WHATEVER the outlook of a dentist entering general practice for the first time, there are clearly both risks and benefits associated with taking this step.
Any sensible risk management strategy starts by trying to identify the potential risks involved in the activity. Experience and case studies suggest some recurring risk themes for those new to practice, often relating to:
- unfamiliarity with NHS regulations
- knowing your limits.
These factors can interact to multiply the risks involved. Imagine, for example, a scenario where a patient requires removal of an impacted lower third molar. The VDP correctly identifies the indications for removal and explains the procedure and risks to the patient who verbally consents. However, the trainee is unaware of the fees involved and does not provide a written estimate. What if they also decide that verbal consent seems clear enough and do not obtain written consent specifying the associated risks? What if they have not discussed the procedure with their nurse beforehand and are unaware that the nurse has no surgical experience? What if they then decide to go ahead and remove the tooth because, after all, they have 30 minutes free until their next patient arrives and they have assisted with a few cases like this as a student?
There are numerous strategies available to minimise the chances of this kind of nightmarish situation and they largely relate to the bullet points above.
Firstly, I would encourage new dentists to study the Statement of Dental Remuneration (SDR) until they are fully conversant with its Byzantine details. I advise this with a heavy heart as it is never something I have read myself with any degree of enjoyment. I have, however, appreciated the feeling of relaxation – while discussing treatment plans, estimates and the need for prior approval with patients – that comes from having put in the spade-work of learning the regulations. For those students who haven’t yet heard of the SDR – don’t worry – you will be introduced to its delights soon enough.
In my opinion, and admittedly it cannot be proved either way, the most effective way of staying out of trouble is through open and honest communication. Patients are human beings who quite reasonably want to know if there are different options for their treatment, what procedures are involved in providing it and how much it is going to cost. On this last point, when, during the VT year, patients are asked to assess how the VDP has communicated with them, one factor that often comes up is that they would rather be clearly told how much their treatment is likely to cost. So VDPs should make a point of giving cost estimates from day one as this could help significantly minimise complaints.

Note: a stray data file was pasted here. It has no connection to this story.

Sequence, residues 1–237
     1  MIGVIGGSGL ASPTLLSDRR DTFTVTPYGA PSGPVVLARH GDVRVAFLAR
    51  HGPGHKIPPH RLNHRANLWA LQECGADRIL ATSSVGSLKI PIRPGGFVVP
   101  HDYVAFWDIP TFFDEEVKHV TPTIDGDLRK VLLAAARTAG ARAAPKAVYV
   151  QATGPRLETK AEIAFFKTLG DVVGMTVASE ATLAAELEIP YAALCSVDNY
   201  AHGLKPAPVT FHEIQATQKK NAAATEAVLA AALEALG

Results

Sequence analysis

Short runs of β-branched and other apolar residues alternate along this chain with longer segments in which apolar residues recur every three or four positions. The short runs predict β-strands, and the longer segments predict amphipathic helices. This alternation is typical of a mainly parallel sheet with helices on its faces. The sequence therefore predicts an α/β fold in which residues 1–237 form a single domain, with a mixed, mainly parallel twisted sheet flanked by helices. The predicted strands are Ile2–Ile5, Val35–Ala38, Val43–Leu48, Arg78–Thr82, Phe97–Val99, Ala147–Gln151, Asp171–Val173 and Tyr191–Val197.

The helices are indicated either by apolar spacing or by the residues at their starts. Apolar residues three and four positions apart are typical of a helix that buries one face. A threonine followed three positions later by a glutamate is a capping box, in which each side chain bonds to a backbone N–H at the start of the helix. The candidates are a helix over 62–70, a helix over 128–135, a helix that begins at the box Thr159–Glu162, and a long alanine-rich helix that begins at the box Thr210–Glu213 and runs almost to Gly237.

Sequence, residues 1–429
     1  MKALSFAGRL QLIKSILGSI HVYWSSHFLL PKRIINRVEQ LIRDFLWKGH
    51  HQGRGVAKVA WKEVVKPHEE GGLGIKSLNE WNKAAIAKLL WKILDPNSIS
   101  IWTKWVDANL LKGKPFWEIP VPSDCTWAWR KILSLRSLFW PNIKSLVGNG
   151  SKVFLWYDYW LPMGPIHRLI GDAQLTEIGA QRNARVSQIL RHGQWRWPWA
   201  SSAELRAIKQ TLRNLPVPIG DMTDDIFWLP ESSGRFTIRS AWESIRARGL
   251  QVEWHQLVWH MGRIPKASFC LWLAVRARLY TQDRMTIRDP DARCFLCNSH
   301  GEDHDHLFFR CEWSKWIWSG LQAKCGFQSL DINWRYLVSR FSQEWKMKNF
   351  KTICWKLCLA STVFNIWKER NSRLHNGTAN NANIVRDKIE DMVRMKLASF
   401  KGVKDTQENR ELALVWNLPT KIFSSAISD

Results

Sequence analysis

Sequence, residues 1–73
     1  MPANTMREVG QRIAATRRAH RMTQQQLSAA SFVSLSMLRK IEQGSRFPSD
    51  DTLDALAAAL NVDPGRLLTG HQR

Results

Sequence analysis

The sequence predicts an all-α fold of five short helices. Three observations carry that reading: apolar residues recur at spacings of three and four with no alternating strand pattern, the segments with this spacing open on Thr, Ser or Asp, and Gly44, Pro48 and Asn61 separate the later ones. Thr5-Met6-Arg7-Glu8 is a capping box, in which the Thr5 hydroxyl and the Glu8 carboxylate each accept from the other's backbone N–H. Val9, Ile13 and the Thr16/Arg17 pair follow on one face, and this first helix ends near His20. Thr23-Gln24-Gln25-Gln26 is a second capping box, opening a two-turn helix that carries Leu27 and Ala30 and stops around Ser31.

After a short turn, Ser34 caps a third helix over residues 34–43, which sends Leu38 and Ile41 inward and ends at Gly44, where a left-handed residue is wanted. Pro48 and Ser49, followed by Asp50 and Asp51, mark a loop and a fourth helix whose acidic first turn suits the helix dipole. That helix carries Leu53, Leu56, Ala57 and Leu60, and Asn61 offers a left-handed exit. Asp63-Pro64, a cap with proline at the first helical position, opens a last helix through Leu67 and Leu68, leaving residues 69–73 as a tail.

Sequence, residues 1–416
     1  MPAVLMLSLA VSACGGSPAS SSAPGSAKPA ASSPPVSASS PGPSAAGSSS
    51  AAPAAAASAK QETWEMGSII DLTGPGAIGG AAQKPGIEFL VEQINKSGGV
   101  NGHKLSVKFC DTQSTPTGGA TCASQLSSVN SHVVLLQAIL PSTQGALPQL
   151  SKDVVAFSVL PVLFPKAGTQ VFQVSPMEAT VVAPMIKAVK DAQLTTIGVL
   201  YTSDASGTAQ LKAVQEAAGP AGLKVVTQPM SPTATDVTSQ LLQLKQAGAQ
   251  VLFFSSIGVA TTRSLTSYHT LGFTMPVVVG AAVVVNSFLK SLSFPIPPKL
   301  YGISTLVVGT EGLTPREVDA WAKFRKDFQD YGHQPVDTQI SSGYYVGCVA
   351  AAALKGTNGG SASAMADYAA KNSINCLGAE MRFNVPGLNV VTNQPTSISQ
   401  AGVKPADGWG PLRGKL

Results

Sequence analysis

The importance of communicating clearly extends to interactions with colleagues and, for VDPs, the key players are the trainer and the nurse, as well as the VT adviser. All of these people are best regarded as colleagues as opposed to bosses. Each has their own perspective on the challenges VDPs face and can provide their own brand of advice and support on clinical and non-clinical matters. This support team is unique to the first year in general practice and so it is hugely important to take maximum benefit from it.
When it comes to knowing your limits, graduates entering general practice should consider the Dunning Kruger Effect (go look it up!). Put simply, this psychological phenomenon means that if you think you’re really, really good then you may well be a dumpling. (Think about some of the auditions on Britain’s Got Talent…) One strong countermeasure is to seek out and welcome feedback from others and there are plenty of opportunities for this during VT.
Similar risks exist for those entering associateships for the first time – and the solutions are also unsurprisingly similar. For example, dentists at this stage in their career may have had overly supportive training practices that sheltered them from the realities of NHS “paperwork” and so some revision here could be beneficial. Remember also that “independent practice” does not mean “alone” and it is important to keep communication and peerreview active within the practice as well as through CPD, memberships of societies and so on.
If all this talk of risks seems a bit daunting, bear in mind that figures show VDPs and dentists up to five years qualified are relatively low risk in terms of complaints and claims reaching the defence union. It is also reassuring to know that MDDUS is an excellent source of informal advice for managing any minor issues as they arise – and yes, I know that is true from personal experience and do not just say it here for diplomatic purposes.
In summary, dentists embarking on their adventures in general practice should be aware that they are relatively unlikely to encounter major problems. They should communicate openly with colleagues and patients, and should be aware of the many sources of support available to them. In other words, relax and enjoy it.
Billy Cameron is a dentist and VT adviser based in the west of Scotland